We are in 2035. An immigrant candidate wants to settle in France, but the analysis of his actions through big data suggests to the authorities that he will not integrate properly. His request is denied. Science fiction? Not sure, thinks the OECD.
In the coming years, climate change, geopolitical hazards and aging should continue to guide migratory flows. But other elements such as new technologies are likely to "change the game", anticipates the Organization for Economic Cooperation and Development (OECD) in a document presented in Paris on the occasion of its Forum on migration.
These projections "to 2035" are not entirely the product of the imagination: the scenarios presented are "plausible and disruptive enough to deserve the attention and preparation of political decision-makers", according to the report.
For example, the analysis of personal data could make it possible "to exploit technological advances to select migrants on the basis of fair and detailed estimates of their integration potential".
After all, Britain is already relying, for security reasons, on big data in the visa process, while the United States can ask immigrants for access to their information on the networks. social.
The generalization of the process could certainly pose ethical problems, but also "lead to more successful integration processes and greater acceptance of the population for migration", estimates the OECD.
- "Weak signals" -
"We have thought about scenarios that could happen, for which we have only weak signals but which could have absolutely gigantic impacts", summarizes for AFP Jean-Christophe Dumont, head of international migration at the OECD.
"Imagine that we can predict behavior based on personal data. That we select based on the probability that someone will fall ill, commit a crime, integrate more or less easily, learn the language ... So not according to what we are, but what we could do tomorrow, according to algorithms. That would give very different migration policies and we are not very far from that, "he continues.
Another hypothesis raised by the OECD: no more migrant could live in hiding, because governments could geolocate them to "anticipate migratory movements".
"We are not far from that in China with facial recognition, with control of social networks. But if we do that, then what does illegal immigration mean? Are we comfortable with this future-there? "asked Mr. Dumont.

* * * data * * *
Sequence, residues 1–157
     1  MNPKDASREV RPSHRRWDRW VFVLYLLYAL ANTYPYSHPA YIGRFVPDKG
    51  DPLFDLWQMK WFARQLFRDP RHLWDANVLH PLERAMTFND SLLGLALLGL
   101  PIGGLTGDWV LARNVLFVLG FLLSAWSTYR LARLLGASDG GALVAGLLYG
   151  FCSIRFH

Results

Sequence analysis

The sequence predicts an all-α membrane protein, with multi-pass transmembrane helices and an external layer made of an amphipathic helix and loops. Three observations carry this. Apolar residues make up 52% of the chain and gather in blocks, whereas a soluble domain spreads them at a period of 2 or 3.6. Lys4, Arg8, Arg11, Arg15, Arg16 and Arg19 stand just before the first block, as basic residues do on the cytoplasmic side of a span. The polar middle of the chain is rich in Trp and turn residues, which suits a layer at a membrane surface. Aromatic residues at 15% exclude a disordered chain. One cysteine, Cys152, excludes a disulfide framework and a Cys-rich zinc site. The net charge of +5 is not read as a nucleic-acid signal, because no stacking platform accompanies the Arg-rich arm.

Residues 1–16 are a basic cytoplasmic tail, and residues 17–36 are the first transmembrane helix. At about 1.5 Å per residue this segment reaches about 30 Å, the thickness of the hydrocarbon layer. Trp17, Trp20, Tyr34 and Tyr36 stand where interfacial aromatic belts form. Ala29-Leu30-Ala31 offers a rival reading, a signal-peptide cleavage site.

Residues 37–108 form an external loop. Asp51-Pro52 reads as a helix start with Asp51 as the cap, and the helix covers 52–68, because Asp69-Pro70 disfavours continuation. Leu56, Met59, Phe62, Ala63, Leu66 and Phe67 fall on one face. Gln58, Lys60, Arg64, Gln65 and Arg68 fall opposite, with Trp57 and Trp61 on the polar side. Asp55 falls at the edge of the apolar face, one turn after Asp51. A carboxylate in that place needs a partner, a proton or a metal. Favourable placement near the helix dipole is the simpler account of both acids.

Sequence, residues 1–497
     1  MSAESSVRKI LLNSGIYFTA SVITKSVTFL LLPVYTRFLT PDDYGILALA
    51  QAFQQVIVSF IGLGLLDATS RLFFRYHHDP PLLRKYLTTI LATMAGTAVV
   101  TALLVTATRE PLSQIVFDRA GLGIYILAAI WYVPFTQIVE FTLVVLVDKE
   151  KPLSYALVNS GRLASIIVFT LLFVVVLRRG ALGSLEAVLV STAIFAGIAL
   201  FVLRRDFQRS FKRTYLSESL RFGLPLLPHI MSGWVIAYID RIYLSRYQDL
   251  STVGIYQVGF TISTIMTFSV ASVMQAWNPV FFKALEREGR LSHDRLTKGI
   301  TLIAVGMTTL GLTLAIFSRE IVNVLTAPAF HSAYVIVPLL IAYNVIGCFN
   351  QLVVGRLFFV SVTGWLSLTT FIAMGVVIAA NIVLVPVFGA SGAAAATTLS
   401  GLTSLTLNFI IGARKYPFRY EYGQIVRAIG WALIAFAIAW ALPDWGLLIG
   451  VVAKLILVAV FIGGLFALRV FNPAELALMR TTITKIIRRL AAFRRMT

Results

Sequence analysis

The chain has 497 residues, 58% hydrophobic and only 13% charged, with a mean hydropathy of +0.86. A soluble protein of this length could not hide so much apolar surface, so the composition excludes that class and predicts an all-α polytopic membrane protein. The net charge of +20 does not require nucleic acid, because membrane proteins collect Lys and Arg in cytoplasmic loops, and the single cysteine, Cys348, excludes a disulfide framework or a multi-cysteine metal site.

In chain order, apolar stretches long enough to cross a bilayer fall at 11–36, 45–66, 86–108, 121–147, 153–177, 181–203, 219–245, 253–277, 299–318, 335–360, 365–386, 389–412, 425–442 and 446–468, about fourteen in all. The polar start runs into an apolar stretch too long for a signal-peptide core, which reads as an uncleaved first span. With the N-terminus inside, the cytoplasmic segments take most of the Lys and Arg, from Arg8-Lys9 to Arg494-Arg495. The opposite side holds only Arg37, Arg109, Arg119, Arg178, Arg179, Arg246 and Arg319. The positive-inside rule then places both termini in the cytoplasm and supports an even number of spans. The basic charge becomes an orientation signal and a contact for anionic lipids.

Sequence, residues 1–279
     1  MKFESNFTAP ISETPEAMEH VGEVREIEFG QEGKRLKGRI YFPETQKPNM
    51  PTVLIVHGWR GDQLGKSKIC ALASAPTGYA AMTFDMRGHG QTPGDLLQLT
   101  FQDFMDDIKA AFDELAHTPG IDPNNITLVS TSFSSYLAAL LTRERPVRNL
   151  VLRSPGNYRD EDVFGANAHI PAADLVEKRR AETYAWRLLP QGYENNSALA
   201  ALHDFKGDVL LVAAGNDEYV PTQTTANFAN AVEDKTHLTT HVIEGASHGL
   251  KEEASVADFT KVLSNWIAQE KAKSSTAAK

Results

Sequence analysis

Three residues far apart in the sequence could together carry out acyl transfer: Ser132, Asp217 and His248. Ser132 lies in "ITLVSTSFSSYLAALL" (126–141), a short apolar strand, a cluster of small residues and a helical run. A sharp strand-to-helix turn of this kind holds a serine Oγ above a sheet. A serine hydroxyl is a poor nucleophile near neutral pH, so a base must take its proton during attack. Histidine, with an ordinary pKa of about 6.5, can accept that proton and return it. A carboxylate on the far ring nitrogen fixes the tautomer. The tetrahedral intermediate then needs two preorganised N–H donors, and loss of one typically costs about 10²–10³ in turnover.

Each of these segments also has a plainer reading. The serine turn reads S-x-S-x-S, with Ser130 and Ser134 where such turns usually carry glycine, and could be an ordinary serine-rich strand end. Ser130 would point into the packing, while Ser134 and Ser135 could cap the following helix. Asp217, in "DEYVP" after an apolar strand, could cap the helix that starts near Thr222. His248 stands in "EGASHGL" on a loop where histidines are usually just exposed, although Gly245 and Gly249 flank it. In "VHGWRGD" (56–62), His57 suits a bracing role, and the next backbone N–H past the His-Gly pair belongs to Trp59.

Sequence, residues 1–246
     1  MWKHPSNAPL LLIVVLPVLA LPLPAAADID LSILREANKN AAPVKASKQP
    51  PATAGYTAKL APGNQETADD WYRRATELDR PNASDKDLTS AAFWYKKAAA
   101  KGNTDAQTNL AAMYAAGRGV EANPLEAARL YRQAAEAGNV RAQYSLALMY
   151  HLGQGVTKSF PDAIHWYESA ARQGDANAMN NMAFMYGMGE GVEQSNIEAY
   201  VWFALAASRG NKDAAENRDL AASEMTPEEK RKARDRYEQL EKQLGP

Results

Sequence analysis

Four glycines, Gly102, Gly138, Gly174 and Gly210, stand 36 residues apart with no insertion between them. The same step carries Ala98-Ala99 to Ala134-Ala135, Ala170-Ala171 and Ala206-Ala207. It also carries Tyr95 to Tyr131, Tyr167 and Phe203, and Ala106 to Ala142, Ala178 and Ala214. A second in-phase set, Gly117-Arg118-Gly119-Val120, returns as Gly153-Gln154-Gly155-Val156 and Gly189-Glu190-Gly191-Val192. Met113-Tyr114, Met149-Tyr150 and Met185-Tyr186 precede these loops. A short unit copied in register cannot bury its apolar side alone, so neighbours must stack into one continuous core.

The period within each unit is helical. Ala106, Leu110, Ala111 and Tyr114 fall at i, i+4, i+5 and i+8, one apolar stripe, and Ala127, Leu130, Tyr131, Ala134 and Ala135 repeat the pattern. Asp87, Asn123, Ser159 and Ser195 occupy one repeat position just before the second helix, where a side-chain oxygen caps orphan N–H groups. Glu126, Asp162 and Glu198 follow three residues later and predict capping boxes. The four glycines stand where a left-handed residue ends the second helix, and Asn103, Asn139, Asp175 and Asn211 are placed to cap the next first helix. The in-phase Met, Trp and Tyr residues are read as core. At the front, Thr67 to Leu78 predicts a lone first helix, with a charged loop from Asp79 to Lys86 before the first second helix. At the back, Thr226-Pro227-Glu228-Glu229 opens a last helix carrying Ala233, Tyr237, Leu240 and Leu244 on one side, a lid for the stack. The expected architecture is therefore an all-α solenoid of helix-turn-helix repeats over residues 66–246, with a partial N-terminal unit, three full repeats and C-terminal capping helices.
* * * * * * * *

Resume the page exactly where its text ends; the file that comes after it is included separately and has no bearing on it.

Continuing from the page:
"Being able to anticipate movements is a good thing," said Nina Gregori, director of the European Asylum Support Office (EASO), to the OECD.
If it does not rule out the risk of deportations to the border, "the identification of everyone on our territory" could have a "positive impact" for foreigners in an irregular situation, likely to be regularized because "there is entire economies, like agriculture, which are semi-dependent on the labor force of undocumented migrants. "
- Oil shock -
"The more we move towards control systems, the more we need checks and balances," warns the director of the Forum Refugees association, Jean-François Ploquin.
"All this poses the enormous problem of the reliability of the data. It is not because a young African has declared himself an adult in Italy to enter Europe that he is not a minor in reality. is not because we have a data listed that it is true ", he denounces.
The OECD recommends that governments not "exclusively" base their policies on algorithms and artificial intelligence.
The organization sees other possible factors of mass migration such as a successful transition to a carbon-free ecology that would lead to a drop in oil prices.
The black gold exporting countries, particularly in the Middle East, which rely largely on an immigrant workforce, would see not only a return of these migrants to their country of origin but also a potential exodus of their population, warns the OECD.
Which concludes: the mixture of several factors could generate "a perfect storm of imbalances in international migration".
© 2020 AFP